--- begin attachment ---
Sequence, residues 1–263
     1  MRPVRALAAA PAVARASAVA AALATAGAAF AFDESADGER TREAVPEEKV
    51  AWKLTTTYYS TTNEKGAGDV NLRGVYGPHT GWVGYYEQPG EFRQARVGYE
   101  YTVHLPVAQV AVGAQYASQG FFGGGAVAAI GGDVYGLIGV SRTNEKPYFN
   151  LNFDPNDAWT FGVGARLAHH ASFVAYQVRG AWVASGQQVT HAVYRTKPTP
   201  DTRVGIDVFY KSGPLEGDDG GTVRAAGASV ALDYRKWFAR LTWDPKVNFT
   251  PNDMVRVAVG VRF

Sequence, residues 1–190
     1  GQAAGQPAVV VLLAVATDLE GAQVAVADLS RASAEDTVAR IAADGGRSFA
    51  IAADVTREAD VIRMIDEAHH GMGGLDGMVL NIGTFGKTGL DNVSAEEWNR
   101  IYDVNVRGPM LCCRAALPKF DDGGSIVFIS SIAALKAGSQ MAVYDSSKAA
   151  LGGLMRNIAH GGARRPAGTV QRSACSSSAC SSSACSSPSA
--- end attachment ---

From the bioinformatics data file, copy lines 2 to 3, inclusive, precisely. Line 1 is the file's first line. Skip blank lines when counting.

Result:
     1  MRPVRALAAA PAVARASAVA AALATAGAAF AFDESADGER TREAVPEEKV
    51  AWKLTTTYYS TTNEKGAGDV NLRGVYGPHT GWVGYYEQPG EFRQARVGYE